The aftermath of the global financial crisis has seen banks retreating from the lending market, paving the way for private funds to fill the vacuum. Coupled with investors’ search for yield beyond traditional fixed income as well as current high valuation of equities, the demand for private credit has surged.
As part of [i3] Pivot, we are pleased to convene an investor roundtable in partnership with Benefit Street Partners, (part of Franklin Templeton) to analyse and understand the opportunity set in private and alternative credit, and their roles in portfolio construction.
Yield and Diversification Benefits
COVID-19 has created investing opportunities not seen in over a decade. As part of the roundtable, we will evaluate the opportunity set, which will continue to evolve due to
- Forced selling due to need for liquidity
- Issuer specific problems
In addition to the yield play, the breadth of strategies with a variety of risk and return profiles may provide investors a breadth of exposures to alternative assets. They may include opportunistic debt, liquid loans, high yield, special situations, and commercial real estate debt etc.
Depending on investor objectives and liquidity appetite, the different durations eg direct lending (short) vs infrastructure debt (long), may provide income diversification to the investor too.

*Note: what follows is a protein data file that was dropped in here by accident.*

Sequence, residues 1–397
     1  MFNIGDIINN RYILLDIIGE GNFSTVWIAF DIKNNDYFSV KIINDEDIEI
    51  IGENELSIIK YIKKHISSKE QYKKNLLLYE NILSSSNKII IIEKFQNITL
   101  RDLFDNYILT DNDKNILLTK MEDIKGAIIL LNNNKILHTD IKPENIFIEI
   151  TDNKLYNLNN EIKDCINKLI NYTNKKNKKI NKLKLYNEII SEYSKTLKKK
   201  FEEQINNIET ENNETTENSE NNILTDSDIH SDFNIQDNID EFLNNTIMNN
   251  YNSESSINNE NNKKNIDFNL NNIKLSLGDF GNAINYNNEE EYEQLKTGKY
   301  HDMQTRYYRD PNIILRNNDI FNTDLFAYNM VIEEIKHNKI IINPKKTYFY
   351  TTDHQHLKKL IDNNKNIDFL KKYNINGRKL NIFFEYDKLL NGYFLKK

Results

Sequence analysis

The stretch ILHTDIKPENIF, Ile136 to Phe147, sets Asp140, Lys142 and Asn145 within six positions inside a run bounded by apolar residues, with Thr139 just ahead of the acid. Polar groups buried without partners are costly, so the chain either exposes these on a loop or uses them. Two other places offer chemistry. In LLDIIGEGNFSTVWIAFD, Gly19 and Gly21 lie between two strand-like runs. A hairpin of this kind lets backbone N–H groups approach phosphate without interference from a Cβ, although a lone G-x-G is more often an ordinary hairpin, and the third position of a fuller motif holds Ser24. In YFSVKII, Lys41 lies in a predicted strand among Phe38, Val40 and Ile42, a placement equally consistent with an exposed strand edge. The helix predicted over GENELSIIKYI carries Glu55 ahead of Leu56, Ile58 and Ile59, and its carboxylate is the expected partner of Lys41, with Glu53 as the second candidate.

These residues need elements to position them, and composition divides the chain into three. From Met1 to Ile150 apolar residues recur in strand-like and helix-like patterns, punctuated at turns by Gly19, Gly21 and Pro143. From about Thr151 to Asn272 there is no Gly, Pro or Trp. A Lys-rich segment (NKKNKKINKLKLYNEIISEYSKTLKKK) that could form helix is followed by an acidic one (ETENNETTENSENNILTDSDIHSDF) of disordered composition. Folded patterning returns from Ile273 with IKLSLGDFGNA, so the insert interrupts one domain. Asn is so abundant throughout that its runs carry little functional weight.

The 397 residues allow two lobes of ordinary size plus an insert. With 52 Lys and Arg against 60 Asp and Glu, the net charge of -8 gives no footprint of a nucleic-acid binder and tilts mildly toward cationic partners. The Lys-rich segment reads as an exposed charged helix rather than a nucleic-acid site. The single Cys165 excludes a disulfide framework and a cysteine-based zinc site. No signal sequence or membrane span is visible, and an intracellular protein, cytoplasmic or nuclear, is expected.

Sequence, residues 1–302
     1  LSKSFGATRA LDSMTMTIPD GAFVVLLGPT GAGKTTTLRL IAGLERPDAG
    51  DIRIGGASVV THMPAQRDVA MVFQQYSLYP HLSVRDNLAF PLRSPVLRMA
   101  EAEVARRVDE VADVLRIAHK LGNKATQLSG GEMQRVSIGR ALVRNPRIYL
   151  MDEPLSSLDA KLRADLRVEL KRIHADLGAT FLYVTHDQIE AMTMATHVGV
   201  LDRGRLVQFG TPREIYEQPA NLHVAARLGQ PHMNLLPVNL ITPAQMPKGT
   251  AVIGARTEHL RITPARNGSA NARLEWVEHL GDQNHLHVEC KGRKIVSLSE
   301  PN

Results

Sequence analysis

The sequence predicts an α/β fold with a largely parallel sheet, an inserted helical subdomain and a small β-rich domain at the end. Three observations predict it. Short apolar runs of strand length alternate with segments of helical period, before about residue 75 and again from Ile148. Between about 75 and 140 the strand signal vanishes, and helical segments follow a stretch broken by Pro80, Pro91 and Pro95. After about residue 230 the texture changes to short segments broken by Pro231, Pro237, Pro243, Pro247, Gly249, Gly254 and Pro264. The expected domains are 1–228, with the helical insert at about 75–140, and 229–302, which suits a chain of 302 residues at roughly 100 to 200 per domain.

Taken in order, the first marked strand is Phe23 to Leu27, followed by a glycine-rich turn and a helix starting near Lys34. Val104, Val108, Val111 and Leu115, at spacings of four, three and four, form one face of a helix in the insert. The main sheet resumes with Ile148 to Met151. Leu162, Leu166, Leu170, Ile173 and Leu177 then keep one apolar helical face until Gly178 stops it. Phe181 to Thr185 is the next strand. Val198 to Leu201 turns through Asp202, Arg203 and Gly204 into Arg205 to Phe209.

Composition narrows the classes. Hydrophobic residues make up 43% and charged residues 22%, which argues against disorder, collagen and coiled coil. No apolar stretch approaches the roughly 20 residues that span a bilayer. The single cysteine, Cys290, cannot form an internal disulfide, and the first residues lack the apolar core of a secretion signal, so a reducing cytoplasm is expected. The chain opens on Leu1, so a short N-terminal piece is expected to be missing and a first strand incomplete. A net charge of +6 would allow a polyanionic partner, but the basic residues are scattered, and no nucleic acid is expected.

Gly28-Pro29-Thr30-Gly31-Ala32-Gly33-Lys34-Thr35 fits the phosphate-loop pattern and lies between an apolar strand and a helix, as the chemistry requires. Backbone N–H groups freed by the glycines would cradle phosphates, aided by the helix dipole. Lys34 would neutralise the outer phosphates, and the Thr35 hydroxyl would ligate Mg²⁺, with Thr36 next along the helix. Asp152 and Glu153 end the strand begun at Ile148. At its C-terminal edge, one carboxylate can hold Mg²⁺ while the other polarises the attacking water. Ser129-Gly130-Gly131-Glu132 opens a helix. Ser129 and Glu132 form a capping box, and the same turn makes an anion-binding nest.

Distressed Debt and Zombie Capitalism
While it is expected that distressed investment opportunities will emerge as the crisis cycle evolves, will this time be different? The enormous liquidity provided by aggressive fiscal and monetary policies of governments may inadvertently keep would-be bankrupt companies afloat for much longer, creating an unintended consequence of zombie capitalism.
How this distortion plays out remains to be seen, with uncertain implications for the distressed opportunity set.
Portfolio Construction Considerations
Given the multifaceted risk, return and (il)liquidity features of private credit, how can it be incorporated and blended into the portfolio? Should this strategy be funded from equities or fixed income?
Investment governance, particularly transparency, remains an important issue in private market investments. How can the investor balance the need for accountability and rigorous processes, while facilitating agile decision-making to access the opportunities?
Depending on the resources and sophistication of the fund, what’s the optimal approach to access this opportunity across the cycle: Fund vehicles vs direct investing? How about co-investments?
How do you assess the performance of this strategy? What are relevant benchmarks?
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